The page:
Pat Tillman Scholar volunteering on non-opioid pain relief research

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Ryan Schmoll has been volunteering in the study of green light therapy. (Source: 3TV/CBS 5) Ryan Schmoll has been volunteering in the study of green light therapy. (Source: 3TV/CBS 5)
Now three years into his studies, he says he's focusing on non-opioid pain relief after watching some of his military buddies struggle with their injuries. (Source: 3TV/CBS 5) Now three years into his studies, he says he's focusing on non-opioid pain relief after watching some of his military buddies struggle with their injuries. (Source: 3TV/CBS 5)
If it works, Schmoll hopes it can help keep people off opioids. (Source: 3TV/CBS 5) If it works, Schmoll hopes it can help keep people off opioids. (Source: 3TV/CBS 5)
(3TV/CBS 5) -

It's green for go in the lab where Ryan Schmoll volunteers at the University of Arizona College of Medicine Tucson Campus. Schmoll is working with a U of A professor, studying the positive effect green light has on rats. 

"We found that for some reason, it has something to do with calcium channels in the brain, 525 nanometers of green light helps take away pain," said Schmoll. 

Schmoll didn't start off in the medical field. His story began in the Air Force. 

[SPECIAL SECTION: Pat's Run]

"It took me to some cold places, like Wyoming, did a little bit of nuclear weapons work there. And it took me to some hot places, like Iraq. Did a little bit of personal security detail work there. It also took me to Afghanistan," said Schmoll. 
 
There, he says, the most effective peacemakers were often the military doctors. 

"It was impressive to see a physician's care of an Iraqi soldier or a civilian who was hurt by a roadside bomb could quickly translate to a de-escalation of violence throughout the whole area," said Schmoll. 

[RELATED: Tillman scholar cares for cancer patients in Seattle area]

After 10 years of service, it was time for Schmoll to come home. He decided to enroll in medical school. 

Now three years into his studies, he says he's focusing on non-opioid pain relief after watching some of his military buddies struggle with their injuries.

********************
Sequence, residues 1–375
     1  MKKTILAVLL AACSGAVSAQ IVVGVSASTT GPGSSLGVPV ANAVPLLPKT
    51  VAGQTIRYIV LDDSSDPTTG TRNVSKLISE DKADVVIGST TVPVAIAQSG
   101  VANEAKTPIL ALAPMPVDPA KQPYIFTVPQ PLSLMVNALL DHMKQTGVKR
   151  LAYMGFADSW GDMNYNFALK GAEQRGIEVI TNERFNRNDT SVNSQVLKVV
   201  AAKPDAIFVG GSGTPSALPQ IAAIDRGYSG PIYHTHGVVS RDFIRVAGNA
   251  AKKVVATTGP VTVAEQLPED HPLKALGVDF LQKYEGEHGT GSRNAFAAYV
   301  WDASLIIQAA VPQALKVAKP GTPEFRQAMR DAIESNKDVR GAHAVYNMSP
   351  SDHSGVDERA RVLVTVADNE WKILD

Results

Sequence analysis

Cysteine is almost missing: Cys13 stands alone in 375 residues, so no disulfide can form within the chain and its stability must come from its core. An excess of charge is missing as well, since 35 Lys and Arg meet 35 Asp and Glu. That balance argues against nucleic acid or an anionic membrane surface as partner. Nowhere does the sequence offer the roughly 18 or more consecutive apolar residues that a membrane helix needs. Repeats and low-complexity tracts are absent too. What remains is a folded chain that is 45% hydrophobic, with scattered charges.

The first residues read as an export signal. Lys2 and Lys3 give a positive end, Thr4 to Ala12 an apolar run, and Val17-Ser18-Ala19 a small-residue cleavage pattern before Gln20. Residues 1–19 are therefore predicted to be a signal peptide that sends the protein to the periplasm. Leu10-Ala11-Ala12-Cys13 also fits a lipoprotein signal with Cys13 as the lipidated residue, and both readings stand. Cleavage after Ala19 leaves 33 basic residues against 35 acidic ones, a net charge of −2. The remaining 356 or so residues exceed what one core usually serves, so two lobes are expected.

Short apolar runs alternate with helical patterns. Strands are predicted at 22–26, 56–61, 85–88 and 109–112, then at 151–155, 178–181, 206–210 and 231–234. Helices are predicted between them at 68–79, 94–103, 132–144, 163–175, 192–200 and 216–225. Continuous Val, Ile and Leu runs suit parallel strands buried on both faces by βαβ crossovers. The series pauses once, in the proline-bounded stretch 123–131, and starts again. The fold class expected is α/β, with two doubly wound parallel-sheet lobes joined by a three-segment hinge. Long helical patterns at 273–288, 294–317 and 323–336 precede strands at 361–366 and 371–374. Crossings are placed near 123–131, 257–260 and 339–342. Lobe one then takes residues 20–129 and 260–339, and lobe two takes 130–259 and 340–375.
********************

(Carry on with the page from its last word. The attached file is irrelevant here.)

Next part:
"For these more serious cases, you can't throw Percocet and Vicodin at it for years on end, that's not a solution. It numbs them to their entire lives," said Schmoll. 

That's where he says green light therapy comes in. 

"It is simple on the surface, I guess," said Schmoll. "But the intensity of the wavelength is very closely monitored and measured." 

He says it's been proven to ease pain in rats and looks promising in human trials too. 

"Surprisingly so," he said. 

[RELATED: U of A researcher shining a light on managing chronic pain]

If it works, Schmoll and the team he's volunteering with hope it can help keep people off opioids. And for those already addicted, it would help wean them off their pain pills. 

"'Let's try to come up with some better solutions here,'" he said. 

Last year, Schmoll was awarded a scholarship through the Pat Tillman Foundation. He says the award helps keep him in the lab focused on his work, dedicated to helping others the way Pat Tillman would have wanted. 

"My path in medicine is helping live up to his legacy a little bit," said Schmoll.

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Lauren ReimerLauren Reimer joined the 3TV/CBS 5 family in June 2016. She is originally from Racine, WI but is no stranger to our heat.

Click to learn more about Lauren.

Lauren Reimer

She previously worked for KVOA in Tucson, covering topics that matter to Arizonans including the monsoon, wildfires and border issues. During the child migrant crisis of 2014, Reimer was one of only a handful of journalists given access to the U.S. Customs and Border Protection detention facility in Nogales, where hundreds of unaccompanied children were being held after crossing into the U.S. from Central America. Before that, Reimer worked at WREX in Rockford, IL. Lauren is a graduate of the University of Wisconsin - Milwaukee and still visits home often. When not chasing news stories, Reimer loves to explore, enjoying everything from trying new adventurous foods to visiting state and national parks or local places of historical significance.

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